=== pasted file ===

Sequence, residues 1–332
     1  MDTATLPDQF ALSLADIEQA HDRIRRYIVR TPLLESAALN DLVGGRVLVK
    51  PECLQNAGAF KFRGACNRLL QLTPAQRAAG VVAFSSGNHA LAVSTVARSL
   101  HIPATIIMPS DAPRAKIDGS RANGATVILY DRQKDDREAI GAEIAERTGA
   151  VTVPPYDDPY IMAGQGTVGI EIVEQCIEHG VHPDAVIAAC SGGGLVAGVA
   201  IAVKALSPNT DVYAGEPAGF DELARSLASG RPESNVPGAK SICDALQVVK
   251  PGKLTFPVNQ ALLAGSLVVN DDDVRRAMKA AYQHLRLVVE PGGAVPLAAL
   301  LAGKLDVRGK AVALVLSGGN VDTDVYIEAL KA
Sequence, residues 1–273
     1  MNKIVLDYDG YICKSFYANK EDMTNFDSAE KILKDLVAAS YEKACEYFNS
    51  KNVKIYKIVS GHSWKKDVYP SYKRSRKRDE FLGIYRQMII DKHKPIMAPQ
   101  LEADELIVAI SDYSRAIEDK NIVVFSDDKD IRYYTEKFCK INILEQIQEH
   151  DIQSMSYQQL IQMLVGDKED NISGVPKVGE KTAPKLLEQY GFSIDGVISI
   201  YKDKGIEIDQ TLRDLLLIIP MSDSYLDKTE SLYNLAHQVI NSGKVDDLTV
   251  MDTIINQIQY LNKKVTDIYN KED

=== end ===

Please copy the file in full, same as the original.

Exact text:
Sequence, residues 1–332
     1  MDTATLPDQF ALSLADIEQA HDRIRRYIVR TPLLESAALN DLVGGRVLVK
    51  PECLQNAGAF KFRGACNRLL QLTPAQRAAG VVAFSSGNHA LAVSTVARSL
   101  HIPATIIMPS DAPRAKIDGS RANGATVILY DRQKDDREAI GAEIAERTGA
   151  VTVPPYDDPY IMAGQGTVGI EIVEQCIEHG VHPDAVIAAC SGGGLVAGVA
   201  IAVKALSPNT DVYAGEPAGF DELARSLASG RPESNVPGAK SICDALQVVK
   251  PGKLTFPVNQ ALLAGSLVVN DDDVRRAMKA AYQHLRLVVE PGGAVPLAAL
   301  LAGKLDVRGK AVALVLSGGN VDTDVYIEAL KA
Sequence, residues 1–273
     1  MNKIVLDYDG YICKSFYANK EDMTNFDSAE KILKDLVAAS YEKACEYFNS
    51  KNVKIYKIVS GHSWKKDVYP SYKRSRKRDE FLGIYRQMII DKHKPIMAPQ
   101  LEADELIVAI SDYSRAIEDK NIVVFSDDKD IRYYTEKFCK INILEQIQEH
   151  DIQSMSYQQL IQMLVGDKED NISGVPKVGE KTAPKLLEQY GFSIDGVISI
   201  YKDKGIEIDQ TLRDLLLIIP MSDSYLDKTE SLYNLAHQVI NSGKVDDLTV
   251  MDTIINQIQY LNKKVTDIYN KED